I know the 'z' key has some kind of special function in Vim, it activates many double key shortcuts (so does 'g'), but almost all of them are assigned to folding, something that I never use. So I really would like 'z' to be my leader key.

But that is not working. Suppose I want 'zw' as a shortcut for 'writing' the buffer:

nnoremap <Leader>w ^[:w<CR>

That causes an error claiming that "Spell checking is not enabled."

The default binding for 'zw' is 'mark word as wrong,' so obviously my configuration change is not working.

What do I have to do to be able to use z as the leader key?

  • Do you have those &lt; in your ~/.vimrc? – romainl Jul 10 '13 at 7:07
  • No. Those are angle brackets. This site wouldn't let me enter them, they were disappearing as if they were HTML markup. Now I changed them and they work. Weird. – user223557 Jul 10 '13 at 15:48
  • that's because you need to put 4 spaces before your code snippets to make them actual code snippets. – romainl Jul 10 '13 at 19:31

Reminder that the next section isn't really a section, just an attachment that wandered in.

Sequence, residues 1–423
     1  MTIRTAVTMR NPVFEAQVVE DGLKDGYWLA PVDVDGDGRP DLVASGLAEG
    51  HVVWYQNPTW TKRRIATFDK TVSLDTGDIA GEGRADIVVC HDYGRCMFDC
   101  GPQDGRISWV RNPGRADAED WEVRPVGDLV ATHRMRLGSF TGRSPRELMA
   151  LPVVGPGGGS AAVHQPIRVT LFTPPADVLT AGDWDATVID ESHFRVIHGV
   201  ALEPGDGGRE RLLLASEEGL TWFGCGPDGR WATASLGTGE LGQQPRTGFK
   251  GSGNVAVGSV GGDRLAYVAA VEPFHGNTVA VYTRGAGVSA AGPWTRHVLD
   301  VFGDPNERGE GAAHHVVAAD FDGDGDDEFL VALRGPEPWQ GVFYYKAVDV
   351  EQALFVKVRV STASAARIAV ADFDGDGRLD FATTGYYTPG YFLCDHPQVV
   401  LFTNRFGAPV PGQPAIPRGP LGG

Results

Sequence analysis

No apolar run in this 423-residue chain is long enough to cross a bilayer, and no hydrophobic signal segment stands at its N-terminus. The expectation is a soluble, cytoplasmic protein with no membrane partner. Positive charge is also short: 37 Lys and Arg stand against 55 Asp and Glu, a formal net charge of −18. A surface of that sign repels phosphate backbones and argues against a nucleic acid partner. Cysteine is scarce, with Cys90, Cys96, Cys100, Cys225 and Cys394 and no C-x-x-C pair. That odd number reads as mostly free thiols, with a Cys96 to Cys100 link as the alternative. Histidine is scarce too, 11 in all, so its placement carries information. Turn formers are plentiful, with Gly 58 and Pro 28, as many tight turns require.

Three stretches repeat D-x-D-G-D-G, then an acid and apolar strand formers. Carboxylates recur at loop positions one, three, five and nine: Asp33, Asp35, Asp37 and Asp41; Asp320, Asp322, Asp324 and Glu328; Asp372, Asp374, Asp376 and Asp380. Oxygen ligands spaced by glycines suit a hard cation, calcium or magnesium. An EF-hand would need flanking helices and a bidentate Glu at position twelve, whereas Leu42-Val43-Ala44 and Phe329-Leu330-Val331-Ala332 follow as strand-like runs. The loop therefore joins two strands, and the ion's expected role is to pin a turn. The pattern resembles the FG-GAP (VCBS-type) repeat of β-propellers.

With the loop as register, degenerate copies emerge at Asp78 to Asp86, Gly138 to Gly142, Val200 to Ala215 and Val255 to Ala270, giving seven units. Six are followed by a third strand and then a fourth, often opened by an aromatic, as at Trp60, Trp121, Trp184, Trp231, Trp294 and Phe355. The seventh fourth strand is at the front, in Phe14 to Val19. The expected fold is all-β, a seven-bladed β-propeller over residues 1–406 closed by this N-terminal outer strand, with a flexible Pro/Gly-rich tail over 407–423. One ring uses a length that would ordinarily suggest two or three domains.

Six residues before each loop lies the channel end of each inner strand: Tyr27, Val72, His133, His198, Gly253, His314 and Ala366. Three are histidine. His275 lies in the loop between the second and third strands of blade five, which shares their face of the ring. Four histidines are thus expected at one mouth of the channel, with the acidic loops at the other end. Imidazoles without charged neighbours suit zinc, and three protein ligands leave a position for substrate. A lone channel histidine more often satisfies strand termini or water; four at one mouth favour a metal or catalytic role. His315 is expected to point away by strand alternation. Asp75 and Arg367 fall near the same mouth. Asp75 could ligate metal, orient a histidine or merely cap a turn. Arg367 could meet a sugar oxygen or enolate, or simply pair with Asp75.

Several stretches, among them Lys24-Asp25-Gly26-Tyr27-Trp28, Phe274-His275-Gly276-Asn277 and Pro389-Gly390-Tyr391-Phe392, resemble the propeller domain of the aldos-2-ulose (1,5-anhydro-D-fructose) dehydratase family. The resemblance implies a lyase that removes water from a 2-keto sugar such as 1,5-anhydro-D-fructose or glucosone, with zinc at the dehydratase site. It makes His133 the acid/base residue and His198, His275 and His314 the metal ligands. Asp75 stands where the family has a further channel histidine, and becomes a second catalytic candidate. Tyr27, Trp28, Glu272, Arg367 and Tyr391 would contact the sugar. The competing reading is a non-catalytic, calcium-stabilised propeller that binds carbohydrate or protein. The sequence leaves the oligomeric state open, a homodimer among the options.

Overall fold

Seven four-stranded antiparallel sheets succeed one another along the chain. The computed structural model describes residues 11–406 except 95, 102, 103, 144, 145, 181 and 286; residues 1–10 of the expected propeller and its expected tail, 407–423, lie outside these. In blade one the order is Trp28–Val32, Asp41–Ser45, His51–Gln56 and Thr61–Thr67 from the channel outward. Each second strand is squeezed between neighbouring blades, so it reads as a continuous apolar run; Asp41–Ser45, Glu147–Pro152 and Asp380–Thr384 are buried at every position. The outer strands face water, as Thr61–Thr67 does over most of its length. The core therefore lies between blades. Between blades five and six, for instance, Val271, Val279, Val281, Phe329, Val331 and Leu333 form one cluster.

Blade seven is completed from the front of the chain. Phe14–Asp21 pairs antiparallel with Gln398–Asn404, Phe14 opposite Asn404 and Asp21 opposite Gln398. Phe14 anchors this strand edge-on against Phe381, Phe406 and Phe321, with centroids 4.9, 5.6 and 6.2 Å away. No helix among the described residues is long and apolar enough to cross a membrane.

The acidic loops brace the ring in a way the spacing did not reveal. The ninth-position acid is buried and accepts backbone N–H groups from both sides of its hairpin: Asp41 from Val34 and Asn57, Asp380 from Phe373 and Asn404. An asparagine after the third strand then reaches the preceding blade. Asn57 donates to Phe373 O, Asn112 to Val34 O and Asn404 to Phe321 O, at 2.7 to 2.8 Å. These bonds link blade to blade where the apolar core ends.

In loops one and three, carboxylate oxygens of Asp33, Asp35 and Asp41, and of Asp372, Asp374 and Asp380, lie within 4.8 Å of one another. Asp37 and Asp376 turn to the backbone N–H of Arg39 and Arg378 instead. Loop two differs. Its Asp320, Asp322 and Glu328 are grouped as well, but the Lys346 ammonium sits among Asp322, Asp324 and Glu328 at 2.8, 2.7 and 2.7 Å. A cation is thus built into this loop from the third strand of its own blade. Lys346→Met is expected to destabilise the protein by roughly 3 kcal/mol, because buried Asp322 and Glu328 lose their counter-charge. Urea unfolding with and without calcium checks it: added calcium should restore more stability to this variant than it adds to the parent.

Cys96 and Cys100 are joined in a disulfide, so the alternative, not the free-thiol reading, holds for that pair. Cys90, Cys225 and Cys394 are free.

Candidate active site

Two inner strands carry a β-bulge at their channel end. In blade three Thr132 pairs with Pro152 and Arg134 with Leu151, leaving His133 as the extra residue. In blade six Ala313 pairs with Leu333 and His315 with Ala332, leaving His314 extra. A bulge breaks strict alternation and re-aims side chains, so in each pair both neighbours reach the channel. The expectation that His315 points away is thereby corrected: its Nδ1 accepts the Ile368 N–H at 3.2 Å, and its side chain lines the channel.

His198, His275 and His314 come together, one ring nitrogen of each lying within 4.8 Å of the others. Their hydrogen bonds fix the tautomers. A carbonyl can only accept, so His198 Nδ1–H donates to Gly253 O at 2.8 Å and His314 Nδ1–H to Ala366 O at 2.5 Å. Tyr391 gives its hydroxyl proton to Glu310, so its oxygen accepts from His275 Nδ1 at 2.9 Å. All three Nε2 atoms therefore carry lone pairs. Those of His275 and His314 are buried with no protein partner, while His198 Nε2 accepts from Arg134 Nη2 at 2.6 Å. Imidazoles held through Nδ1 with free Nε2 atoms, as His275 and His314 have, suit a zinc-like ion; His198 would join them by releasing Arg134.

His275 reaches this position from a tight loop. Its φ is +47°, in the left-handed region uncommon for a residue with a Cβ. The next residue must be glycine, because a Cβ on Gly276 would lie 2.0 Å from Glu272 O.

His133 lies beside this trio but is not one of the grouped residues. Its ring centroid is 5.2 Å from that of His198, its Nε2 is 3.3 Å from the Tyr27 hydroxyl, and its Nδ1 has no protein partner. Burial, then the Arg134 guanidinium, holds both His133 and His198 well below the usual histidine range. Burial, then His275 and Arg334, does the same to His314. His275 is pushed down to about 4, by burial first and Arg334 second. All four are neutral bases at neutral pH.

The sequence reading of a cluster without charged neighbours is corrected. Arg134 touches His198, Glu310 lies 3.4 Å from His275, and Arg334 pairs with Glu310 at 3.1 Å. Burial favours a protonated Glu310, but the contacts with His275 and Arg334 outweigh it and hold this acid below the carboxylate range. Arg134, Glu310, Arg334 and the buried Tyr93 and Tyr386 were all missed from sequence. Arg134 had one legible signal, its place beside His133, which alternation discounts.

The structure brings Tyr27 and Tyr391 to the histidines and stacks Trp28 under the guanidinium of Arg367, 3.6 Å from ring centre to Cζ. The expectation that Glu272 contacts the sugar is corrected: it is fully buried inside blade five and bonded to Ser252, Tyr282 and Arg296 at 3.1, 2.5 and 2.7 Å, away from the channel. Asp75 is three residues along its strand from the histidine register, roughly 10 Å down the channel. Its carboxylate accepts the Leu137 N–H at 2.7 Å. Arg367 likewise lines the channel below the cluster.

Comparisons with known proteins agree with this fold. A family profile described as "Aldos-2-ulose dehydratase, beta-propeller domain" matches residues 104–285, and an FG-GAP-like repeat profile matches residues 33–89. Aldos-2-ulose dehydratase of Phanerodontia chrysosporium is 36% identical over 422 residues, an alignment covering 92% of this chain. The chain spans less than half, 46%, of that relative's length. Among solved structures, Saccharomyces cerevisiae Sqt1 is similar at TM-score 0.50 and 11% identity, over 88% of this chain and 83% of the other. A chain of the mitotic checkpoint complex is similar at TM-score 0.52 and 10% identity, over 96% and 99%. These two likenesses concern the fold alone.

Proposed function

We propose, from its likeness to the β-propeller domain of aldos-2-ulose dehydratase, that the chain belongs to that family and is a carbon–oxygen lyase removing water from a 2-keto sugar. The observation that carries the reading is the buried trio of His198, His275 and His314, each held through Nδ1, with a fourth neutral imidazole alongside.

Leader key is not same as ':' what is a switch to 'command-mode'. Leader key is described here correctly.

If you want to change leader key (default it is \), then you have to set it with

let mapleader = 'z'

and zw will work as you expect. However, I recommend to not choose this way.

Vim already has a handy shortcut to save a file and quit: ZZ (hold shift and press 'z' twice). If you want to only save a file and not quit, I recommend to map it to ZX with

nmap ZZ <ESC>:w<CR>
  • let mapleader = 'z' Yes, I already have that in my .vimrc. I forgot to mention it. I am not doing this just for ZZ, I picked w/write as an example, I actually want to map z{something} to a bunch of macros that are a lot more useful to me than folding. – user223557 Jul 10 '13 at 2:03

I found the answer myself.

Everything I had been doing was right, except I had this line in my .vimrc:

set timeoutlen=100

That was killing the 'z' leader. Everything works fine without that line.

This is embarrassing. Sorry.

  • It's in milliseconds so I set it at 4000 = 4seconds c: Also to see where you are in the command you are typing, you can add set showcmd in your vimrc – Boop Feb 18 '17 at 16:50

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